When you can assume that your audience holds the same beliefs as you do, you can relax a little and use more normal means of talking to it; when you have to assume that it does not, then you have to make your vision apparent by shock. To the hard of hearing you shout, and for the almost-blind, you draw large and startling figures.
Flannery O'Connor, Mystery and Manners
1 Kings 18 famously tells the story of Elijah defaming 850 false prophets on Mt. Carmel. There, high above Israel, Elijah dares the prophets to call upon their god, that he might ignite a sacrificial offering. When the false god fails to appear, Elijah begins to taunt the prophets, needling them as to the whereabouts of the impotent deity. “Either he is musing, or he is relieving himself, or he is on a journey,” Elijah mocks. “Or perhaps he is asleep, and must be awakened.” And then, as the false prophets begin to cut themselves with fury and their blood spills across the face of the mountain, Elijah begins to call down heavenly thunder with enough force to wake the cloggiest of sleeping giants. And fire falls from heaven and drinks Elijah's sacrifice, and the prophets praise His name through bloody teeth and muddy cheeks; Elijah slaughters them all. A slow grey gathers in the sky, and a great rain begins to fall.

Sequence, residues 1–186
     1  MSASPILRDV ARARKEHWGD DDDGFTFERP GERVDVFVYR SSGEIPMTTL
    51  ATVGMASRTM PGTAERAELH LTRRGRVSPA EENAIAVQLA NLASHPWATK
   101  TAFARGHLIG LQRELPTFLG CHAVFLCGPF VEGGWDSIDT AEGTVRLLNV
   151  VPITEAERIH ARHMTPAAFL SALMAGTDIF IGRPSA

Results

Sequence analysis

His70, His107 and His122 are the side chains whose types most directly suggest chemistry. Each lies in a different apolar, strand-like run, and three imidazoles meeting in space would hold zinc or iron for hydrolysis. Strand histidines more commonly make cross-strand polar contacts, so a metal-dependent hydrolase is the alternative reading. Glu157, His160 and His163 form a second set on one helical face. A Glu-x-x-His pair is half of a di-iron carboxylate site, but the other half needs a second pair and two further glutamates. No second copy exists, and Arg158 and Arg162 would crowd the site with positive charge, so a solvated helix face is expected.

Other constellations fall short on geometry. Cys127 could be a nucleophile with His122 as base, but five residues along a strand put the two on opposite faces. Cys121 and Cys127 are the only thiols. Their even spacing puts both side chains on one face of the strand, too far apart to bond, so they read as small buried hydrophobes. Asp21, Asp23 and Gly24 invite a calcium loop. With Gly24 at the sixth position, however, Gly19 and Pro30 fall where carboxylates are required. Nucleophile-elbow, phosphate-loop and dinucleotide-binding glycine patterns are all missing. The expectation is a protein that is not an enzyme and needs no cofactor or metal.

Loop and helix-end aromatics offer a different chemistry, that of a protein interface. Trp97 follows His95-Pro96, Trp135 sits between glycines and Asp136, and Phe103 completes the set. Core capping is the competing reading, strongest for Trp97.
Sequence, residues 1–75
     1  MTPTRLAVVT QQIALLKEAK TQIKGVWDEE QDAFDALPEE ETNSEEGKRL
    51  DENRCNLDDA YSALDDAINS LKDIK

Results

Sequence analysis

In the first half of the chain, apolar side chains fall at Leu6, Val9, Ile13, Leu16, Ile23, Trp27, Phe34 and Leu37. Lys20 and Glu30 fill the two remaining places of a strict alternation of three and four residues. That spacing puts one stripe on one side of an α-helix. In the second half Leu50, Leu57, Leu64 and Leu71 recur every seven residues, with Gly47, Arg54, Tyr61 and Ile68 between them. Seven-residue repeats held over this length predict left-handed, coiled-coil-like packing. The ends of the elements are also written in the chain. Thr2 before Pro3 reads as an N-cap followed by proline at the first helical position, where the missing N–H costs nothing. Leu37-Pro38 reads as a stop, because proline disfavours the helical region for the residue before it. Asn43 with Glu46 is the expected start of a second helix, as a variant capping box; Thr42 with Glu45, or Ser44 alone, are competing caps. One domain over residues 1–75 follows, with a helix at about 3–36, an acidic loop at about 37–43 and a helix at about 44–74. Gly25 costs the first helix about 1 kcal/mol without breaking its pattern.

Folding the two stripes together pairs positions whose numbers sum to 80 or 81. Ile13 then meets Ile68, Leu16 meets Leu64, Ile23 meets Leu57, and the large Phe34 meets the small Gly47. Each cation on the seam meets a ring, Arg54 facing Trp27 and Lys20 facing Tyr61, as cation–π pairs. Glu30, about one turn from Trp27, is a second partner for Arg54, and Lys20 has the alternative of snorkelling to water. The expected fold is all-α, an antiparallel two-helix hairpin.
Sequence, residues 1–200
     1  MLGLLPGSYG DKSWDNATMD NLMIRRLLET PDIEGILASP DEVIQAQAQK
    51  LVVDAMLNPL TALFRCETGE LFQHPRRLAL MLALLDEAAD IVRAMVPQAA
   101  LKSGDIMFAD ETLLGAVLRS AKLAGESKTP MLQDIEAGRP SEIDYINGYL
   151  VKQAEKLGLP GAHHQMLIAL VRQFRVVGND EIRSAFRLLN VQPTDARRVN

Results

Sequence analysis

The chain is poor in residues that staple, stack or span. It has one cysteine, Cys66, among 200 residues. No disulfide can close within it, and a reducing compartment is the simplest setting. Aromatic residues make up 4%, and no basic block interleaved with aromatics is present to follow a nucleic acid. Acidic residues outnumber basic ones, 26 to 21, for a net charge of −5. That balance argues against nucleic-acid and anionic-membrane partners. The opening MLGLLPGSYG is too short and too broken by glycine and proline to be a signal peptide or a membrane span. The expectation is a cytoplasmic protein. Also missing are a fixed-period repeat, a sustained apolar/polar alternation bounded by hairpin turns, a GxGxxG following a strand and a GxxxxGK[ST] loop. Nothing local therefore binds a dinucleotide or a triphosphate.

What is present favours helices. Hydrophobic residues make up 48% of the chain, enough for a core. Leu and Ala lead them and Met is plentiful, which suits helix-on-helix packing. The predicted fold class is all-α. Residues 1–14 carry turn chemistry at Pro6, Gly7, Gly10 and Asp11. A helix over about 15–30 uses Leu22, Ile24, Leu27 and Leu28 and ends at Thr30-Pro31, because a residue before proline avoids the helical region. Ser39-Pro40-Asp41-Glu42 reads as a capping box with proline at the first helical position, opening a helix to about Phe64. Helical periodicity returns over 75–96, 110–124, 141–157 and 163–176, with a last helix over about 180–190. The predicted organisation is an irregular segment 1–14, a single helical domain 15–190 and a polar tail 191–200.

Wovenhand's David Eugene Edwards has seen that lightning. He's felt the bitter warmth of blood on his own tongue and, like Elijah, has seen it in the cracks and fissures that line his hands. And with The Threshingfloor, his most recent record on Daniel Smith's Sounds Familyre label, he's held his guitar up like Moses' staff and pulled the grey light down.
Edwards, who developed a strong cult following with the band 16 Horsepower, has always been more of an Old Testament prophet than a paschal lamb. And like Elijah and Isaiah before him, Edwards is a master at picturing the fear-of-the-LORD to a stark, terrifying degree. “The world will bow / the knees will break for those who don't know how,” he sings in “Chest of Drawers,” from 2004's Consider the Birds. His music skirts the edges between Nick Cave's dark blues and the terrified sweat of Will Oldham's rural southern music, capturing the snaking of time and will as the skin of the fruit is greeted by the anxious and salivating mouth. It's music for the grey days of hurricanes and earthquakes and every moment leading right up to those staccato bursts of joy, and while there is certainly bursting, most of it is splatter from crushed heads and splintered hands and the shattering of frozen hearts.
The Threshingfloor is Wovenhand’s sixth LP and it continues Edwards’ dark, reverent musical vision. Wovenhand’s musical palette has broadened with Edwards’ travels around the world, and Eastern and Middle Eastern instruments such as the Turkish saz and the Hungarian shepherd’s flute join the chorus on this latest album. There really isn’t anyone out there making music quite like Wovenhand, and Edwards’ Old Testament rock is as powerful as ever.
- Marty Garner & Ben Dixon